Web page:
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Lecture 3 sources of international law

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Lecture 3 sources of international law

  1. 1. Lecture 3 Sources of International law
  2. 2. • The question of sources is fundamental in any system of law. • Law making is a continuous activity in any viable legal system. • International legal system can accommodate the changing requirements for regulation by: law making in new areas; and by upgrading and refinement of existing laws, in the light of its law sources. • Considering the sources of international law it is realized that the term “sources” implies many different, sometimes, conflicting meaning.
  3. 3. Article 38 of the Statute of the International Court of Justice • 1. The Court, whose function is to decide in accordance with international law such disputes as are submitted to it, shall apply: (a) International conventions, whether general or particular, establishing rules recognized by the contesting States; (b) International custom, as evidence of a general practice accepted as law; (c) The general principles of law recognized by civilized nations; (d) Subject to the provisions of article 59, judicial decisions and the teachings of the most highly qualified publicists of the various nations, as subsidiary means for the determination of the rule of law. • 2. This provision shall not prejudice the power of the Court to decide a case ex aequo et bono, if the parties agree thereto.
  4. 4. • Treaties, custom, and principles of law, are sometimes referred to as "primary sources", • Judicial decisions and the teachings of publicists are sometimes referred to as “subsidiary” or "secondary sources" or “evidence of international law rules”.
  5. 5. • George Schwarzenberger proposed the term ‘law creating process’ for primary sources i.e. treaties, customs and general principles of law; and ‘law determining agencies’ for subsidiary means for determination of law, i.e. judicial practice and doctrines.
  6. 6. • Herbert Briggs pointing “the confusion of the term “sources” describes it as “the methods or procedures by which international law is created.”
  7. 7. • Oppenheim discussing its various meanings differentiates between formal and material sources: formal being the source from which the legal rule derives its legal validity; and material providing the substantive content of that rule, e.g. the formal source of custom may have its material source found in a treaty concluded.
  8. 8. • Discussing the difference between basis of law (common consent of international community), causes of law (particular circumstances in the development of communities, suggesting need for a rule of conduct), and sources of rules of law (process by which it first becomes identifiable as a rule of conduct with legal force and from which it derives its legal validity). • Sources of the rules of law distinct from the basis of the law, are as a whole related to the basis of the legal system. (Sir Robert Jennings, Sir Watts Arthur, Oppenheim’s International Law, (Indian Branch: Peerson Education, 1996), 23.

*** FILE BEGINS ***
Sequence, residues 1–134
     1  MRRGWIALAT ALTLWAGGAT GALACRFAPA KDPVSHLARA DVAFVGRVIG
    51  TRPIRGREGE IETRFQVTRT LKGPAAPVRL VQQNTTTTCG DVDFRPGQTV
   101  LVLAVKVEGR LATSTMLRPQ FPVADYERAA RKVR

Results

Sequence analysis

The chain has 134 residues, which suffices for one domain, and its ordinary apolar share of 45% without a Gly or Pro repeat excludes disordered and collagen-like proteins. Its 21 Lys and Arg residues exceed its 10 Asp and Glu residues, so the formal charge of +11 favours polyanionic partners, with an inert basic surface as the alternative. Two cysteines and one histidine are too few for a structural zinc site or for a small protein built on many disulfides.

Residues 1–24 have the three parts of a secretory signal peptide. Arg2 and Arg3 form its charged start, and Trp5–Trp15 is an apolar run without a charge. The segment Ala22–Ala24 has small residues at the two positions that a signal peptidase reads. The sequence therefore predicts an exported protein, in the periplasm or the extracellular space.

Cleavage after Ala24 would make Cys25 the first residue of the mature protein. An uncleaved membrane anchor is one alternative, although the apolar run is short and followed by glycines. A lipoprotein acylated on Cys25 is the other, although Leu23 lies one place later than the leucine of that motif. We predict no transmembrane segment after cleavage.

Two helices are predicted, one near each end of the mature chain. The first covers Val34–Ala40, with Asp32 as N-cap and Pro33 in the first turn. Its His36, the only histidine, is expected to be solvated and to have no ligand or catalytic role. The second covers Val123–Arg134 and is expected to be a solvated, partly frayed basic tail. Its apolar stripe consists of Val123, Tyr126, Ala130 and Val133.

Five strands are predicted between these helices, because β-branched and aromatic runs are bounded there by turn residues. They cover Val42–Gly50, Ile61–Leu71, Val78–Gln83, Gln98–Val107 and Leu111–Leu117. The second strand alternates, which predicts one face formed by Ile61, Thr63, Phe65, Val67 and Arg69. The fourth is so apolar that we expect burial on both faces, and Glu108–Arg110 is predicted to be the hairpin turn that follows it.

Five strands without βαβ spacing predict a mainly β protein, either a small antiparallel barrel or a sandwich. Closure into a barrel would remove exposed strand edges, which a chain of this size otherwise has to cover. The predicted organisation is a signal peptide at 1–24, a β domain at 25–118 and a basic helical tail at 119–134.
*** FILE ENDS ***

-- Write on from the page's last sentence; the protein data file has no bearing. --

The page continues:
9. 9. • According to Salmond, “a formal source is that from which a rule of law derives its force and validity. The material sources, on the other hand, are those from which is derived the matter and not the validity of the law. The material source supplies the substance of the rule to which the formal source gives the nature and the law.” (J. W Salmond, Jurisprudance, 7th ed. (London: Sweet and Maxwell, 1924).
  10. 10. 1) Article 38 1(a) of SICJ: ‘International Convention’ ‘international conventions, whether general or particular, establishing rules expressly recognized by the contesting states’.
  11. 11. • Whenever an international dispute is decided, its first application of the law is to find a treaty application on the issue. • In the presence of a treaty on related issue the decision is based on it.
  12. 12. • Historically treaties are the second source of international law. • They were developed to give particularity to rules of mutual conduct, than was provided by a custom. • The word ‘convention’ means a treaty and whatever the nomenclature is, the substance is the same: it is an agreement made between two or more States or other subjects of international law.
  13. 13. • Long before the establishment of UN and ICJ, in the 19th and 20th centuries, many treaties and conventions played a great role in the development of international law, such as Geneva Convention 1864, Hague Conventions of 1899 and 1907, Treaty of Locarno 1925. • After establishment of UN in 1945, treaty acquired the most important mode of development of international law, starting from Bill of Rights and under the United Nations Treaty Series many thousand treaties have been registered with the United Nations.
  14. 14. • According to Article 2 of the Vienna Convention on the Law of Treaty 1969, ‘treaty’ is defined as: “an international agreement concluded between States in written form and governed by international law, whether embodied in a single instrument or in two or more related instruments and whatever its particular designation”.
  15. 15. • Consent to a treaty may be expressed by signature, ratification, or accession, and is binding on the parties to it, who shall perform the treaty in good faith by applying the maxim pacta sunt servanda. • Applicable to all types of treaty: multi lateral or bilateral, universal or regional.